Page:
Joslyn Art Museum Director and CEO Jack Becker commented, “We are very pleased to be working with our partners at Union Pacific, and with the Union Pacific Museum, to present these historic images by two pioneers of American photography and make them available to audiences across the country. Union Pacific is not only an important part of our community, but the railroad is an integral part of our national story, and we are certain people will be entranced by the work of Russell and Hart and the story of the transcontinental railroad.”

Scott Moore, Union Pacific senior vice president of Corporate Relations and chief administrative officer, said, “The transcontinental railroad formed our nation’s backbone, building communities along the way and uniting our nation. Union Pacific continues to be at the forefront of innovation, using technology to make meaningful change in every aspect of our business, enabling us to deliver the goods Americans use every day and help build safe, vibrant and prosperous communities in the 23 states where our employees live and work. The exhibition The Race to Promontory underscores this connection and recognizes our responsibility to share our history with the American people.”

The completion of the transcontinental railroad was as celebrated a national – and international – event as the first moon landing, exactly a century later in 1969. Forty‐six months after they began construction, the two railroads came together and officially "united" the United States. Western Union offered coverage direct from the scene—the first major news event carried "live" from coast‐to‐coast.

Telegraph wires were attached to one of the ceremonial spikes and as it was gently tapped with a silver maul, the “strokes” were heard across the country. Whistles were blown in San Francisco, the Liberty Bell was rung in Philadelphia, and a ball was held in Washington, D.C.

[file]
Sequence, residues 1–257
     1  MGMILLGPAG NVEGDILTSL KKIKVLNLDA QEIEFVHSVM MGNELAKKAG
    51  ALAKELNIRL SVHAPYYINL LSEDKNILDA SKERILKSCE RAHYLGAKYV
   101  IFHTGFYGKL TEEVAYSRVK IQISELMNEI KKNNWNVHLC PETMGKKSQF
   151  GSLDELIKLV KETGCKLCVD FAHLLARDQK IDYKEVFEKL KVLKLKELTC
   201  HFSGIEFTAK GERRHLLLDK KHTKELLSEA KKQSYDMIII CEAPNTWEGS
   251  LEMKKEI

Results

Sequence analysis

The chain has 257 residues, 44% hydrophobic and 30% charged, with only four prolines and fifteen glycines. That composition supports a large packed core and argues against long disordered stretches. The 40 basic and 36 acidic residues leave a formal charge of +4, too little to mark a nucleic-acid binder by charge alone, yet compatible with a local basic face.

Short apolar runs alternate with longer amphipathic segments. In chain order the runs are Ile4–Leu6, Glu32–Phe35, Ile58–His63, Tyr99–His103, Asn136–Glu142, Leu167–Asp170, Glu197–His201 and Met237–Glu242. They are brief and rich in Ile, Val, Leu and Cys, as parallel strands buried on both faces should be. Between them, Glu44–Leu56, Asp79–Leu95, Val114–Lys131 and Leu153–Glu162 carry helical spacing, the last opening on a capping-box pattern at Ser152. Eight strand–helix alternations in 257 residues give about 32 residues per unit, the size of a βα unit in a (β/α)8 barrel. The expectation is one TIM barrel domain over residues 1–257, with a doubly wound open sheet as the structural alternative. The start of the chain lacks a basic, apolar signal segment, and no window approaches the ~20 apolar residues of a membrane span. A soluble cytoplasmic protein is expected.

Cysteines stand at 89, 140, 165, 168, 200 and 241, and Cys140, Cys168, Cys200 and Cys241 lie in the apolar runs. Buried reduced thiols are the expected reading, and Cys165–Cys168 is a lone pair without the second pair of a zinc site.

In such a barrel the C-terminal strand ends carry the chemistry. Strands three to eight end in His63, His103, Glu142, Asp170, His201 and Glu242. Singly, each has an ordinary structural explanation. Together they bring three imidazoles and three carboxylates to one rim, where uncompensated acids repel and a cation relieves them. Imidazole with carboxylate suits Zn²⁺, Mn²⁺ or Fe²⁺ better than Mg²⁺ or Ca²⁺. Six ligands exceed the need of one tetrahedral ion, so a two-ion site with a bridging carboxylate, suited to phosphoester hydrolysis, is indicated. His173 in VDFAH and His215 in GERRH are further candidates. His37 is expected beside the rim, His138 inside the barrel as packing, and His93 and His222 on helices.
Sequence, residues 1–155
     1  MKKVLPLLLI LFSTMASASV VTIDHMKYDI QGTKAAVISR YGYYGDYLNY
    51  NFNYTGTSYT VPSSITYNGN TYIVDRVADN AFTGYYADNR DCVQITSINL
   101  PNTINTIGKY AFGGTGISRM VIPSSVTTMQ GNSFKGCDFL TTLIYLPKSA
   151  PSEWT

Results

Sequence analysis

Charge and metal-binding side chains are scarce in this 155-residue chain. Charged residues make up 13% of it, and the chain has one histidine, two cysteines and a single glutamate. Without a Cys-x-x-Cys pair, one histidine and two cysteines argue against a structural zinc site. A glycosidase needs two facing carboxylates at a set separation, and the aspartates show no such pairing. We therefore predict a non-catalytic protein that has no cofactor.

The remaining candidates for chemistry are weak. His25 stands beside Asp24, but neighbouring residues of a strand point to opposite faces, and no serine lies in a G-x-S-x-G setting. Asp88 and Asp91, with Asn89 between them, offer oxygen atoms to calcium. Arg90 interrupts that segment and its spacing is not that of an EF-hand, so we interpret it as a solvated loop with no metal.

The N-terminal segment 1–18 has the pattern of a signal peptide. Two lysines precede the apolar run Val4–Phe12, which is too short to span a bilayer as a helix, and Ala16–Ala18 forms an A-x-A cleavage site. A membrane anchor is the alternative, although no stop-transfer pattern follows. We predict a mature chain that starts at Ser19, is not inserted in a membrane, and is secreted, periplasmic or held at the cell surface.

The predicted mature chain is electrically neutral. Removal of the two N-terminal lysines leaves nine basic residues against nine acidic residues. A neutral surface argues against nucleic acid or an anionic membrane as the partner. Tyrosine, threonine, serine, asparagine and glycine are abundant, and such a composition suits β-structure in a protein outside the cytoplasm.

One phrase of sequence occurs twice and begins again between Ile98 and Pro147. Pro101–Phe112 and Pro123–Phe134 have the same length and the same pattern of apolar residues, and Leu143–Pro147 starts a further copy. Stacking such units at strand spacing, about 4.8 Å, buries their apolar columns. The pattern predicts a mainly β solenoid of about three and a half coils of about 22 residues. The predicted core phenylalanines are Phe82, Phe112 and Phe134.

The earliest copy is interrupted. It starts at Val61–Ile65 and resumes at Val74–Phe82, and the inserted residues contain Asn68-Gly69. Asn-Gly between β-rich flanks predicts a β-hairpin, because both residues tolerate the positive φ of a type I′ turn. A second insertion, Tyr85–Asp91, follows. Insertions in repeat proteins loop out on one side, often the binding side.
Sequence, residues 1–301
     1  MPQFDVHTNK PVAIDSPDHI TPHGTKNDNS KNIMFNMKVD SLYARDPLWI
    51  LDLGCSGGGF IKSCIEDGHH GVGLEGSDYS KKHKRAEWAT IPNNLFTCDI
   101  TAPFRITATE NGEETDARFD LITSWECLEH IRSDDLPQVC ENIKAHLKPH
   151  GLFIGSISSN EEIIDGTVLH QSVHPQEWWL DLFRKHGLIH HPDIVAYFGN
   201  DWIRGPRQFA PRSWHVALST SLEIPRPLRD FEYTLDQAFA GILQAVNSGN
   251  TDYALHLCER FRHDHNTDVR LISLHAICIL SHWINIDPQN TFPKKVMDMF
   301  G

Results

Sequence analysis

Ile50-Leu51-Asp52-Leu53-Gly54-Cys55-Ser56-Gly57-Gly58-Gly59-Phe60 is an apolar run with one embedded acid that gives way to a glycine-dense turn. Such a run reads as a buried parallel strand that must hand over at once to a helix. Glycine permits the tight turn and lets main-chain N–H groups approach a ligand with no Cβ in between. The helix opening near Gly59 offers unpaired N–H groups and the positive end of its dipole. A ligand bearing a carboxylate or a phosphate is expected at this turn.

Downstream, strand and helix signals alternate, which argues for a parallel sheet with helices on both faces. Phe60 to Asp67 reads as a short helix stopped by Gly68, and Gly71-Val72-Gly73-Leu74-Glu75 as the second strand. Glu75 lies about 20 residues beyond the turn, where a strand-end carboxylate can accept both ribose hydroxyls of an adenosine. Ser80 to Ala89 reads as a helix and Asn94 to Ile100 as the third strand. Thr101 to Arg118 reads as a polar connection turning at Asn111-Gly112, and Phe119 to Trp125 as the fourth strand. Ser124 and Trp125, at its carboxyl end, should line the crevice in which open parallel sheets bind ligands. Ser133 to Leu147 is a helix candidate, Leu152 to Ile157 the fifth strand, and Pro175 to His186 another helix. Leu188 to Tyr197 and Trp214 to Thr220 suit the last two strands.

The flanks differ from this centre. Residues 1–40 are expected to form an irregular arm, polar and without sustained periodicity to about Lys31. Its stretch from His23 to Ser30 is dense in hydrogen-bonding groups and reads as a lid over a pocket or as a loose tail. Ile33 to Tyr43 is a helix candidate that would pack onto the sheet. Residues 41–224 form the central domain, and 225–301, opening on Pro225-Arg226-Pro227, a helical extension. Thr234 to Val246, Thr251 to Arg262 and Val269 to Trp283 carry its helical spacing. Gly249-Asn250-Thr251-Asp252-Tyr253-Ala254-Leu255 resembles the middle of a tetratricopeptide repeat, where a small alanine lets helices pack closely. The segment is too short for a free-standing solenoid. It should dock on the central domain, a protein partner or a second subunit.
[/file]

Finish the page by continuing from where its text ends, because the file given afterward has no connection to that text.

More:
The transcontinental had opened the heart of the continent, and, within days of its completion, the country was transformed. Travel from New York to San Francisco was reduced from six months to 10 days, and at ten percent of the cost. This new era witnessed the development of settlements for millions of Americans and an incredible surge in industrial growth. Agricultural products were transported east from California, changing how Americans filled their dinner tables. The railroad led to the creation of Standard Time, to allow trains to move safely along a single track. Communication flowed quickly and reliably across the country on mail cars and by telegraph lines along the track. The railroad also connected the United States to the world, carrying products from Asia and Europe—the first freight shipment across the new railroad included casks of tea from Japan—and building new markets for both imported and exported goods.
On a larger scale, the railroad also obliterated the idea of the “frontier,” and forever changed the lives of indigenous Plains tribes, as new migration spurred by the railroad hastened the end of the Indian Wars and the beginning of the reservation era. The Pacific Railway and Homestead Act insured the resettlement of new territories under the control of the federal government, reinforcing the 19th century ideal of Manifest Destiny as the United States expanded from sea to sea.